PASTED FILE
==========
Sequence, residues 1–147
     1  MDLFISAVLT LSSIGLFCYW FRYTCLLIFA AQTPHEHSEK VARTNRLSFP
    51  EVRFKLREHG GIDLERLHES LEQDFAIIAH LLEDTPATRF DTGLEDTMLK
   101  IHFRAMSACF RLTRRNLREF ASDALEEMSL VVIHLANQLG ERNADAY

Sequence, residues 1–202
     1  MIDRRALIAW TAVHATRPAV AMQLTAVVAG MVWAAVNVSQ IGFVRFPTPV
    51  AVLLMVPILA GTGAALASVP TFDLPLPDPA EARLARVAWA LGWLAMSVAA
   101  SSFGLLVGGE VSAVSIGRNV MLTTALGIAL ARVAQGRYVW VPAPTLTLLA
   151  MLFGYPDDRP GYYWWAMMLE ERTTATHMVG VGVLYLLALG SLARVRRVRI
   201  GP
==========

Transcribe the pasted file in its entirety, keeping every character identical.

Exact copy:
Sequence, residues 1–147
     1  MDLFISAVLT LSSIGLFCYW FRYTCLLIFA AQTPHEHSEK VARTNRLSFP
    51  EVRFKLREHG GIDLERLHES LEQDFAIIAH LLEDTPATRF DTGLEDTMLK
   101  IHFRAMSACF RLTRRNLREF ASDALEEMSL VVIHLANQLG ERNADAY

Sequence, residues 1–202
     1  MIDRRALIAW TAVHATRPAV AMQLTAVVAG MVWAAVNVSQ IGFVRFPTPV
    51  AVLLMVPILA GTGAALASVP TFDLPLPDPA EARLARVAWA LGWLAMSVAA
   101  SSFGLLVGGE VSAVSIGRNV MLTTALGIAL ARVAQGRYVW VPAPTLTLLA
   151  MLFGYPDDRP GYYWWAMMLE ERTTATHMVG VGVLYLLALG SLARVRRVRI
   201  GP